Grossman: Christina Pitawanakwat finds confidence on gridiron

There is no map, just yet, for her journey.

For now, Christina Pitawanakwat is taking it one step at a time.

As a Grade 10 student, with First Nations heritage, Pitawanakwat has mastered a great deal overcoming the challenges, at one time massive, that may have stood in the way of her road to success.

There were times of frustration, likely brought on by a lack of interest at elementary school, ongoing disappointments and distress that dogged her ability to get to class on time.

Things changed for the better when she enrolled at Toronto’s Danforth Collegiate and Technical Institute in an Individual Educational Program, one that takes into account a student’s strengths and weaknesses, which is designed to help meet their learning needs.

Playing flag football for her secondary school may have also been the catalyst that has had a huge positive effect on her overall physical, social and mental development.

Choosing to play the sport started with some coaxing from friends plus lots of encouragement from educators, spearheaded by Wesley Tsang, the coach of the team.

For Pitawanakwat, whose name means “Among the Clouds” in her native language, it was a huge step and it coincided with the school’s debut in the Toronto District School Board (TDSB) league.

Pitawanakwatis from the Indigenous Odawa Tribe, related to the Algonguin people. She commutes with her family to visit friends in Manitoulin Island, along the Bruce Peninsula, which is the original homeland of the Odawa.

Unaware of how the game was played, with its many rules, Pitawanakwat decided to try out for the Danforth school team. Her coach, who is a visual arts teacher and never had her in his class, didn’t know much about Pitawanakwat.

To his credit, he was quick to reassure the 15-year old, that he was available to help her learn and, even more important to him, use the opportunity to have fun.

It didn’t take long for Pitawanakwat, intuitive and energetic, to develop into one of the better players on a team that won five of seven games. A stellar defensive player, she just might have been the X-factor that helped the team qualify, in its honeymoon year and miracle season, for the Tier Two league championship – which it lost, 7-0.

“I was nervous at first, but (I) really like playing – and especially the rough and tough side of the game,” said Pitawanakwat, who first tried playing on the offensive line, then experimented with catching passes, but caught a real liking to the job of a linebacker. “It’s a great way to exercise, get over stress and the pressures of the day.”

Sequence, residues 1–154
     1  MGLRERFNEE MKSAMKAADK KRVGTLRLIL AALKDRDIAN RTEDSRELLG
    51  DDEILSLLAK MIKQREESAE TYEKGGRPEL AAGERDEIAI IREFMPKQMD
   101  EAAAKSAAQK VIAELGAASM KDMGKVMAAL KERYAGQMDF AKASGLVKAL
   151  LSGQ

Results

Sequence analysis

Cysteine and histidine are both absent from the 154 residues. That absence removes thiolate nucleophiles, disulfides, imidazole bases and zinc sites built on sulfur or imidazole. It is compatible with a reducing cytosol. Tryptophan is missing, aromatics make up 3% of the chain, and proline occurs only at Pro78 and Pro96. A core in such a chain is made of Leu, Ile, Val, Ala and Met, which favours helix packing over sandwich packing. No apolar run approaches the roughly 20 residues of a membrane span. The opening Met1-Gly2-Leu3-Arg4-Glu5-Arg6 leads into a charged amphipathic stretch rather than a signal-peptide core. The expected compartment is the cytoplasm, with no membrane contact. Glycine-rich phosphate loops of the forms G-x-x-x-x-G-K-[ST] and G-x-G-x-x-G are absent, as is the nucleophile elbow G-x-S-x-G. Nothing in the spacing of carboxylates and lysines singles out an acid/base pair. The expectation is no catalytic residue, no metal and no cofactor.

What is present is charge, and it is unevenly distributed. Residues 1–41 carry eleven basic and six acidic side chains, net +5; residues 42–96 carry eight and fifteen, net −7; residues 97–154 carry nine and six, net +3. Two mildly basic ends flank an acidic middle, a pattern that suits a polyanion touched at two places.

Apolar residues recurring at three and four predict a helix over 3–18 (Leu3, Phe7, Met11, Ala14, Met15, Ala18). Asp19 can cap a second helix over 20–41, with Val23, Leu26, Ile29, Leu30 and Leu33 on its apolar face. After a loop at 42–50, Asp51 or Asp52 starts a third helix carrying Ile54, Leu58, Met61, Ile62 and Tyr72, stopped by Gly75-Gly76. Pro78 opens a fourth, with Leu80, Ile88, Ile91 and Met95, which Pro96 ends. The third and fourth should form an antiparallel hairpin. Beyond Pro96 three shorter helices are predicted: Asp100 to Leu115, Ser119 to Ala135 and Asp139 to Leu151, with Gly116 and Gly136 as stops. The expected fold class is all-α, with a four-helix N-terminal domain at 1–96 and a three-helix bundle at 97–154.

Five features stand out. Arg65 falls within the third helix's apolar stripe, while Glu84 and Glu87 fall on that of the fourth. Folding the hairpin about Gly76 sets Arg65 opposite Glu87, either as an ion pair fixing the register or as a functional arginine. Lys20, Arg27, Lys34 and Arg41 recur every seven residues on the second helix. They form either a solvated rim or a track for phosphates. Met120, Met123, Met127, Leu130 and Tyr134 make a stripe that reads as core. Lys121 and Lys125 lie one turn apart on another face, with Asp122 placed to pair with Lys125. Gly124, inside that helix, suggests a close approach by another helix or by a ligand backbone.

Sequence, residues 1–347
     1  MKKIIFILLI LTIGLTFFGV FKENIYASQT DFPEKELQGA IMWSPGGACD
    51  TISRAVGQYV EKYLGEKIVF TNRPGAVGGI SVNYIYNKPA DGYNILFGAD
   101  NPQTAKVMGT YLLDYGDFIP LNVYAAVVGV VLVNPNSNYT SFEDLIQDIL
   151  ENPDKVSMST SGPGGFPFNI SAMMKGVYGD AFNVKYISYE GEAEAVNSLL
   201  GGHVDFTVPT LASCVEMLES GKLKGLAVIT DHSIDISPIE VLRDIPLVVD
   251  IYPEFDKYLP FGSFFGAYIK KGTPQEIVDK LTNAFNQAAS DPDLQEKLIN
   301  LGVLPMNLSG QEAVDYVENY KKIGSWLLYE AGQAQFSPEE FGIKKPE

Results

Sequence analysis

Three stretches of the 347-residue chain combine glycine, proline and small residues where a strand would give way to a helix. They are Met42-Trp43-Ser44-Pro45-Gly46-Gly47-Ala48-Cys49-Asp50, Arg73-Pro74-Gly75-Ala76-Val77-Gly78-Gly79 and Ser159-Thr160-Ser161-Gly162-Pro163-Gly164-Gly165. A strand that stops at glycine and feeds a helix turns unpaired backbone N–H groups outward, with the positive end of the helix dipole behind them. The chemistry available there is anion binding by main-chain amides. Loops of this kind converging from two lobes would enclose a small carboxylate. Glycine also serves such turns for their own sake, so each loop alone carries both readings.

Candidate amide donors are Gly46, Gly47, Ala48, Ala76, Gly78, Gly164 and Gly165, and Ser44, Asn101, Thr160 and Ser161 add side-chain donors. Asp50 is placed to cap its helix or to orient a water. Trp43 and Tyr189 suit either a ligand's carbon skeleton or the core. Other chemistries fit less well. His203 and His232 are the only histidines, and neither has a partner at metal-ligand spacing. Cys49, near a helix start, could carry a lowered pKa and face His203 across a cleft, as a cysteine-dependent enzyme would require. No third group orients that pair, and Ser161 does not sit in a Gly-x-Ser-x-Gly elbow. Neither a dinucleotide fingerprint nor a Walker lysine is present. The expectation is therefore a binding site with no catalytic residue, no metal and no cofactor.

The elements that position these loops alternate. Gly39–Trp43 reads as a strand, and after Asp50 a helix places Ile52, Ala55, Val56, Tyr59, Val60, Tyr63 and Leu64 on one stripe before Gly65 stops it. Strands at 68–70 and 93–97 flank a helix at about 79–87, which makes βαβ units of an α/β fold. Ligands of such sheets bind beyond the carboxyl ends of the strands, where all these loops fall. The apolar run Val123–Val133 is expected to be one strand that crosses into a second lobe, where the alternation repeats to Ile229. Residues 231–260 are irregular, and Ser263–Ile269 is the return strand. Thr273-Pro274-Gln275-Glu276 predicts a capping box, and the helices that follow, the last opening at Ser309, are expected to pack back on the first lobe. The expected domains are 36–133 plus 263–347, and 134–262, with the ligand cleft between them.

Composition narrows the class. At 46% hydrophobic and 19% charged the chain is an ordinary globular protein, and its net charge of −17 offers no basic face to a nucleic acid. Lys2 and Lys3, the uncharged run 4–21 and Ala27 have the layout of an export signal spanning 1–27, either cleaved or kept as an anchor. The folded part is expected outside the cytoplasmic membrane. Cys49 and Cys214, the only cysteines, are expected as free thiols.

Within a short span of time, Tsang was impressed with the ability and determination of Pitawanakwat, along with her positive and formidable presence on the team.

“She was quiet at first, but very friendly,” he said. “I did notice that she had a competitive flair and I could tell that she was happy and mixing well with the rest of the team.”

Like many young people, Pitawanakwat, the youngest of triplets and being raised by her single parent mother, has had her share of struggles. At times, the difficulties were emotionally challenging. In some cases, she was left frustrated, lost and downright languorous.

“I was told at an early age, before I came to Danforth, that I had no ability, couldn’t learn – and all that did, was help me downgrade myself,” she said, admitting to times when she felt bullied by others, didn’t like school and was anxious to move on.

Football has given Pitawanakwat a huge lift and, according to her mother, she’s now the first out the door and off to school.

“For me, I know that things have changed for the better while at Danforth,” she said. “I have more confidence, feel better with myself and get along with others on the team. Football has helped me, maybe I can now help others.”

After she graduates from secondary school, Pitawanakwat is interested in a career that involves helping people. She has a keen interest in law enforcement and the science behind criminal behavior.

“I want to work with Indigenous teens, some who have lost hope,” she said. “I know what motivation can do and how there are people willing to offer assistance. I want to be someone like that, telling them not to give up, stay focused and push ahead.”

Knowing the benefits that participation in sports can bring to a student, Jim Spyropoulos is a strong supporter of getting them involved in all aspects of physical education.

Now a TDSB Executive Superintendent responsible for Indigenous Education, Spyropoulos played football in university and, back in 1990, made three interceptions in one game. As for Pitwanakwat, he was elated hearing of her success on the gridiron.

“This woman is an excellent example of the brilliance that exists among our Indigenous students,” he said. “She is a terrific role model and my hope is that her success inspires others to follow in her footsteps.”